I hope you don’t mind but between Black Friday, Small Business Saturday, and Cyber Monday, I thought we’d try to squeeze in the First Sunday of Advent, the beginning of the Liturgical Year.
In the secular world, we’re in the “Holiday Season”, a time for spending as much money as possible, even money we don’t have, to prove our love to family and friends. Many of you may have gotten up at 2 AM yesterday (Friday) to secure the best bargains. That’s OK, as long as we don’t forget what the season is really all about.
The word “Advent” comes from the Latin root advinere which means arrival. We’re waiting for the arrival of the Savior. But it’s not like waiting for a train, or waiting it to quit raining. It’s much deeper than that.
Archbishop Timothy Dolan, a local boy who’s made good has a book of Advent Reflections cleverly titled Advent Reflections. He says “The older I get, the more I’m convinced that life is all about advent.”
He gives some examples:
“She awaits word from her physician on the results of the biopsy of the “growth” taken from her body, fearful “it” has come back…..That’s Advent.
“They sit helpless next to their two-year-old’s bed, wondering if and when the child will regain consciousness after his fall down the basement steps….They’re in Advent.
“He wonders if he can make it through the evening. He wants a drink so bad. It’s been three months since his last one, three moths of sobriety, one step at a time, and he can sense himself falling….He’s in Advent.”
Advent is about waiting, but there’s a lot more to it than that.
Our short four week Advent season reminds of of the waiting that the Jewish people did, for the arrival of the Messiah. To really appreciate Advent you have to put yourself in the place of the Hebrews all those centuries ago. The Scriptures, what we call today the Old Testament, had promised them a Messiah and they’d bee waiting for such a long time. The world they lived in was a mess. They didn’t just want a Messiah, they desperately needed one.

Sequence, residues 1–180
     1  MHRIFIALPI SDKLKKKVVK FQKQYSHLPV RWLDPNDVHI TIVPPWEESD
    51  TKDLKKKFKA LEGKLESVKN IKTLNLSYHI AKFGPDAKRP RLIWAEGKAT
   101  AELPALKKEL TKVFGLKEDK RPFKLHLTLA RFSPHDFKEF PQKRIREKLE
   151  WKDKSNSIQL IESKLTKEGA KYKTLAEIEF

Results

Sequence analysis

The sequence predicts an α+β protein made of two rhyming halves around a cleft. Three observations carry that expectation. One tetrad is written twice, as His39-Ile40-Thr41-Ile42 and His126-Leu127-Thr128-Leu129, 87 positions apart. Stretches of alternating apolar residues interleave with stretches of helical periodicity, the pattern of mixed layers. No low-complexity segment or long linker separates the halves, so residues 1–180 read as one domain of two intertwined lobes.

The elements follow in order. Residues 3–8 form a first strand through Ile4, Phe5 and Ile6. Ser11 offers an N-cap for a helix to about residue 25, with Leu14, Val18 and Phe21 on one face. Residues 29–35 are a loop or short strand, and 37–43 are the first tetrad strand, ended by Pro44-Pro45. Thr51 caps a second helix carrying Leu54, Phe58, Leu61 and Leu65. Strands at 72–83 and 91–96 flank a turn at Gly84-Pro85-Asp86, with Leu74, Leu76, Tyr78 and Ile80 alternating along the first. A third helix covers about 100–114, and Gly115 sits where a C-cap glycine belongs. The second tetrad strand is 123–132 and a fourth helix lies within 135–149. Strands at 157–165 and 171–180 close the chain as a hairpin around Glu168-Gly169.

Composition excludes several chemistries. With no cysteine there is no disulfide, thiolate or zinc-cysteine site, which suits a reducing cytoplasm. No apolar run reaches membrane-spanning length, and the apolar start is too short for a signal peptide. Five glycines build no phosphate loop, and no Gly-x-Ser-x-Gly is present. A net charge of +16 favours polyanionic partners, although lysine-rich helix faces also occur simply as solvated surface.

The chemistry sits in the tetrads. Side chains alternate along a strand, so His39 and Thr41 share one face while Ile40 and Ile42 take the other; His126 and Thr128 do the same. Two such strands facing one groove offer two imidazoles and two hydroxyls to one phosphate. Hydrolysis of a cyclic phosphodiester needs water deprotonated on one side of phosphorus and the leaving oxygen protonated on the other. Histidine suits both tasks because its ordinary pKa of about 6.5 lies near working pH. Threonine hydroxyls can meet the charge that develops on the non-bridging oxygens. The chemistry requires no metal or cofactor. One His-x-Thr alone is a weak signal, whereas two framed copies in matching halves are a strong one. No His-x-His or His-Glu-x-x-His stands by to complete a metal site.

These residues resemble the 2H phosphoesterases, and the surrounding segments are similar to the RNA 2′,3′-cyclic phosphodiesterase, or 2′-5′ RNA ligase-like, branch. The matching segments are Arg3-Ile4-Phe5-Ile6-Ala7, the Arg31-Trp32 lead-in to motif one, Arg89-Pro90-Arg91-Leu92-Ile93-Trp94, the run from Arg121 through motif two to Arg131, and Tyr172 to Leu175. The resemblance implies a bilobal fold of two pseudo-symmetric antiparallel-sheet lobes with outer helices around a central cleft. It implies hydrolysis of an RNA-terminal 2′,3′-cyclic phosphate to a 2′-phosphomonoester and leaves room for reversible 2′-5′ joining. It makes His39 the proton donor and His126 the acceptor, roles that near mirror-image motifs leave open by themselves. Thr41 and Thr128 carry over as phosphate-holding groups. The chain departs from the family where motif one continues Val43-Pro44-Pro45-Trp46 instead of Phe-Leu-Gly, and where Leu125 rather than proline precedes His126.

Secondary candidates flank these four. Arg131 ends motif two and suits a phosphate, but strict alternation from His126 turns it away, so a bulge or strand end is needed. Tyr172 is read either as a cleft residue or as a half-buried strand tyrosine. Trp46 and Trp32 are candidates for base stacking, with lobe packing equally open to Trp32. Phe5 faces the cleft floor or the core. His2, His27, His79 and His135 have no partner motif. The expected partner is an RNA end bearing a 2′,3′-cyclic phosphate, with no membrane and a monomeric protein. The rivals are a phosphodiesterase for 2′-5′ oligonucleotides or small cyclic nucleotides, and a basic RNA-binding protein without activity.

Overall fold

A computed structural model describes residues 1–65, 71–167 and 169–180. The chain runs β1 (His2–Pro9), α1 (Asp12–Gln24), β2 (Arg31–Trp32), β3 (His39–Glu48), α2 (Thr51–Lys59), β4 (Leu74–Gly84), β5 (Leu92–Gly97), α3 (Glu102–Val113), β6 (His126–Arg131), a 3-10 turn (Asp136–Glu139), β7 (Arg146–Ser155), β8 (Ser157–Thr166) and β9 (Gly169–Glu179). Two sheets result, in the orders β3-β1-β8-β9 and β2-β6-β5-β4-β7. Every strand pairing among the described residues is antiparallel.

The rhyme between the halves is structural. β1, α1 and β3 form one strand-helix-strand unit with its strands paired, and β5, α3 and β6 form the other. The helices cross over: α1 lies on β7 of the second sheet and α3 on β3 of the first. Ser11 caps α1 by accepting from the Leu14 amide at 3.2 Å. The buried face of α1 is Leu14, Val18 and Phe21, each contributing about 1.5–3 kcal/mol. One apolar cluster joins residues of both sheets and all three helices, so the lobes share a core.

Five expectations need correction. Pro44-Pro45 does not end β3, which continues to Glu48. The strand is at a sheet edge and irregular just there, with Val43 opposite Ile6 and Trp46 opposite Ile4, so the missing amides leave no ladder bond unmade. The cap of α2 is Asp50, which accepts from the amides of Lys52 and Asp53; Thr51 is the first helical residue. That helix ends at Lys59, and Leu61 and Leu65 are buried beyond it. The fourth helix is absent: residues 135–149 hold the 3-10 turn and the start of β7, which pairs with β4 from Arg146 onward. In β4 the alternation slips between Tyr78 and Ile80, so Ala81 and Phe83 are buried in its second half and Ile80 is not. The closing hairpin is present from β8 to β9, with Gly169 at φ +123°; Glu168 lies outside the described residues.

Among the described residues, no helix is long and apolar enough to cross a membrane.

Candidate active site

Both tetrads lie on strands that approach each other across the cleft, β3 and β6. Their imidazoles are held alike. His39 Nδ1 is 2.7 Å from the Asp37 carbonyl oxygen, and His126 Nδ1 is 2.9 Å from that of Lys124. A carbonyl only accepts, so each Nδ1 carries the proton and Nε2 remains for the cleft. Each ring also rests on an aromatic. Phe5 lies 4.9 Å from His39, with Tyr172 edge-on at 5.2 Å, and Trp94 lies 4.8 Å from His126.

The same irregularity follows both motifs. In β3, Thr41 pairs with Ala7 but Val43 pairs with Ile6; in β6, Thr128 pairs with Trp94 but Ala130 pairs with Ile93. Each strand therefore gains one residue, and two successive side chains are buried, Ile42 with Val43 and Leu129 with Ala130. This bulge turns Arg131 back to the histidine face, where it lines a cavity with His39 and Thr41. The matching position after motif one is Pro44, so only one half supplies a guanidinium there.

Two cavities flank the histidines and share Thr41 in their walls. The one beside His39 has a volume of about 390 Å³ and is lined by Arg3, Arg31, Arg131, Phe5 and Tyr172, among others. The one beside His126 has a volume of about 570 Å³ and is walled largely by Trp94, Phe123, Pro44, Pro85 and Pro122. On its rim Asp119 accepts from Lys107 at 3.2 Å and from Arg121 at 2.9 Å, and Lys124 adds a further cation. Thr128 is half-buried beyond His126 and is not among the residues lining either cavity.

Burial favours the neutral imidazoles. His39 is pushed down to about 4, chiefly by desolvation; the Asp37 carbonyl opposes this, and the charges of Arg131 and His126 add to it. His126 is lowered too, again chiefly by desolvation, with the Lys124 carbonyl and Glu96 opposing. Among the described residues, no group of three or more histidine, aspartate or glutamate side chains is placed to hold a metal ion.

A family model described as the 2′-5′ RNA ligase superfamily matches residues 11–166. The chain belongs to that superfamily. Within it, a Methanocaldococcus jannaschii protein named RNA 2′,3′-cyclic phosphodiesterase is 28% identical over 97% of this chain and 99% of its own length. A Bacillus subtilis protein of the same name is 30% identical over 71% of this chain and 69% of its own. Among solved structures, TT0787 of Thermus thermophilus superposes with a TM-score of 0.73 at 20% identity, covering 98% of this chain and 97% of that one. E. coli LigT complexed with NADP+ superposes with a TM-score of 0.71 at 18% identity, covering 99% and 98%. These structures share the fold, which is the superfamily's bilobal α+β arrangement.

Countries were constantly at war. There was hatred that extended back hundreds of years and there didn’t seem to any chance that it would ever end. Some religious leaders justified constant war by claiming they were fighting in the name of God. Warring tribes wouldn’t even talk to one another about peace. Young men were going off to fight and die in foreign lands.
Crime was everywhere. People were being killed in the streets of the towns and villages. Even public transportation was dangerous. Remember the story of the Good Samaritan. Business travelers were being attacked, robbed, and left for dead. You couldn’t travel from one town to another without taking your life in your hands.
Prostitution was common along with every type of deviant behavior. The public officials generally looked the other way, often patronizing the prostitutes themselves. Even when they were caught in the act, their colleagues looked the other way.
The government was corrupt. Greedy politicians enriched themselves by taking money from those who could least afford it. There was no concern for the people. Their rights were being trampled on by all levels of government.
Disease was everywhere. Incurable diseases like leprosy were rampant. “Healthy” people shunned the sick, not wanting to risk their own health to help others. New diseases seemed to pop up out of nowhere.